4 Movies Like The Godfather That Will Make You an Offer You Can’t Refuse

Friday, November 25 by Christopher Chavez

For decades, movies like “The Godfather” have captivated the imaginations of moviegoers around the world. With larger than life characters like Vito Corleone, Tommy DeVito, and Sonny LoSpecchio, these films offer viewers a glimpse into the often violent world of organized crime from the safety and comfort of a living room or packed theater. Hollywood’s love affair with the Mafia has produced some of the greatest films in cinematic history, with films like “Goodfellas" and “The Godfather" placed on the National Film Registry for preservation by the Library of Congress.

“Scarface” 

Probably one of the most memorable characters in the history of film, Tony Montana, the political refugee from Cuba who lands in Florida in 1980 and rises to the top of a criminal empire. The polar opposite of Vito Corleone, Al Pacino’s performance of Montana embodies the soul of a real cold-blooded killer. Ruthless and power hungry, Montana is the type of mobster who doesn’t even blink when putting a bullet in the head of a rival in the middle of a crowded Miami street. Montana barely breaks a sweat when delivering one of the movie’s most famous quotes, “Say hello to my little friend!”

“Goodfellas”  

“As far back as I can remember I always wanted to be a gangster.” With those words, the world is introduced to Henry Hill, a kid from the streets of Brooklyn, growing up in the 1950s, idolizing the men in his neighborhood who seemed to be above the law. Directed by Martin Scorsese, “Goodfellas” is based on the book “Wiseguy,” written by Nicholas Pileggi. The film follows Hill as he and his associates set their sights on making a name for themselves in the Lucchese crime family. Boasting an A-list cast led by Ray Liotta, Joe Pesci, Paul Sorvino and Robert De Niro, “Goodfellas” is one mob film that has no fear of sleeping with fishes.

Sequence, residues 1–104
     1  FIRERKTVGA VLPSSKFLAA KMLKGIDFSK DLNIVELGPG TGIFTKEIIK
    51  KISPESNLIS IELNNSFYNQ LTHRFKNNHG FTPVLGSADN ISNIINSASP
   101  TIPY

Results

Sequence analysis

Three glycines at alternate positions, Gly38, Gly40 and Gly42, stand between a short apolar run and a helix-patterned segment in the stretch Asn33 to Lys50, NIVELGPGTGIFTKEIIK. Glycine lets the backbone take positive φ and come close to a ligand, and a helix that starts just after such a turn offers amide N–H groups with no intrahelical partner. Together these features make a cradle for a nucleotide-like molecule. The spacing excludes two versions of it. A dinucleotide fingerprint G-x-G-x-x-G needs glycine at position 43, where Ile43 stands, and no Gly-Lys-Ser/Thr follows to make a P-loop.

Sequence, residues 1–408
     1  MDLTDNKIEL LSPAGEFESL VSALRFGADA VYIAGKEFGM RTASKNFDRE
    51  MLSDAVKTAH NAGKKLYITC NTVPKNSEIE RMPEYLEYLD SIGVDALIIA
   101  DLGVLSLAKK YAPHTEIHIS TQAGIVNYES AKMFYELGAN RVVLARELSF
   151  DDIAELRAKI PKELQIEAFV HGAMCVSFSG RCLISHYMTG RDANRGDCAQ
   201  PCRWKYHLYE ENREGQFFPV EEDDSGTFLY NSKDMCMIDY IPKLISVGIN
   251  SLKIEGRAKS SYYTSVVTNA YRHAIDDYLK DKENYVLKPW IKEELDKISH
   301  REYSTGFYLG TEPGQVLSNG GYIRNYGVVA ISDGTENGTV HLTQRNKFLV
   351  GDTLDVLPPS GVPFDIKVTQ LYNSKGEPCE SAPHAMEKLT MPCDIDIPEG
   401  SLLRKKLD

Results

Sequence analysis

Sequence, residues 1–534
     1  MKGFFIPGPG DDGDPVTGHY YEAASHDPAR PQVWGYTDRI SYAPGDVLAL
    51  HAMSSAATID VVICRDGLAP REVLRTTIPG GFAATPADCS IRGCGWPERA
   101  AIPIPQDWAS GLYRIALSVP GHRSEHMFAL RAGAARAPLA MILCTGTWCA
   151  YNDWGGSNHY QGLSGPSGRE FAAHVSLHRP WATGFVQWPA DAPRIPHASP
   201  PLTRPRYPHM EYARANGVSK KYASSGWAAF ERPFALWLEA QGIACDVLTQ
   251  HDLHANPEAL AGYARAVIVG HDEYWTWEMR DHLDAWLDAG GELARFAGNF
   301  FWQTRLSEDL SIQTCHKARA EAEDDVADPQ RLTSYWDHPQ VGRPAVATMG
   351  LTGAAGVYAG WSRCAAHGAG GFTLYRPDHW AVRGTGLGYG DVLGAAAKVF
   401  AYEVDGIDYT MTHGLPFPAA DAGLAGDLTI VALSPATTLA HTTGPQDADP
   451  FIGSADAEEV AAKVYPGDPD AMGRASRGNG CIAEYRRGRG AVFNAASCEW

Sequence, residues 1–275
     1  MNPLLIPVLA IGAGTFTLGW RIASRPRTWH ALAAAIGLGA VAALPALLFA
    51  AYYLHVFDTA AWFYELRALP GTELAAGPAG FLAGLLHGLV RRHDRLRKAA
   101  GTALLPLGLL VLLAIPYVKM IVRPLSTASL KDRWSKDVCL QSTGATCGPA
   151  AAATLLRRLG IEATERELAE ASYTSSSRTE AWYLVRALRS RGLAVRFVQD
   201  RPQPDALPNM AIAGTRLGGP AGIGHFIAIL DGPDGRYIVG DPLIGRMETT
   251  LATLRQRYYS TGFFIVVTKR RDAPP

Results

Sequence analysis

“A Bronx Tale”

Robert De Niro’s directorial debut is a mob story told from a different perspective. Set in a 1960s Bronx neighborhood, the film revolves around a young boy who witnesses a shooting by a mob boss on the street in front of his building. The boy plays dumb when questioned by police and is quickly befriended by the gangster, played to perfection by the film’s writer Chaz Palminteri. The boy’s father, portrayed by De Niro, disapproves of any communication between the two. “A Bronx Tale” weaves a nostalgic account of a young man growing up in the streets of the New York City borough, dealing with love, friendships and the tempting lure of the Mafia lifestyle.

“Donnie Brasco"  

Based on the true story of FBI agent Joseph Pistone’s daring six-year undercover assignment to infiltrate the Mafia, “Donnie Brasco” is at once a timeless mob film that captures a specific era in the history of organized crime. Under the guise of jewel thief Donnie Brasco, Pistone, played by Johnny Depp, gains the trust of Bonnano crime family hit-man Lefty Ruggiero, played by Al Pacino. The film follows Pistone as he struggles to maintain the cold, indifferent façade of a gangster while finding the time to sneak away and visit his family in secret. The longer Pistone continues to act as Donnie Brasco, the more he starts to think and feel like the bogus jewel thief. With stunning performances by Depp and Pacino, “Donnie Brasco” combines the suspenseful drama of fact and fiction with an authentic backdrop of 1970s New York City.